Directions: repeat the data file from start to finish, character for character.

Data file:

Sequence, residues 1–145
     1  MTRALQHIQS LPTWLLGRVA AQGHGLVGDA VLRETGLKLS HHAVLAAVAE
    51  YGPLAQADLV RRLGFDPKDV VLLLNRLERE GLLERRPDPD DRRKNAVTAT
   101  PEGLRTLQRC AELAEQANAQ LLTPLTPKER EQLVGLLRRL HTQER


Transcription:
Sequence, residues 1–145
     1  MTRALQHIQS LPTWLLGRVA AQGHGLVGDA VLRETGLKLS HHAVLAAVAE
    51  YGPLAQADLV RRLGFDPKDV VLLLNRLERE GLLERRPDPD DRRKNAVTAT
   101  PEGLRTLQRC AELAEQANAQ LLTPLTPKER EQLVGLLRRL HTQER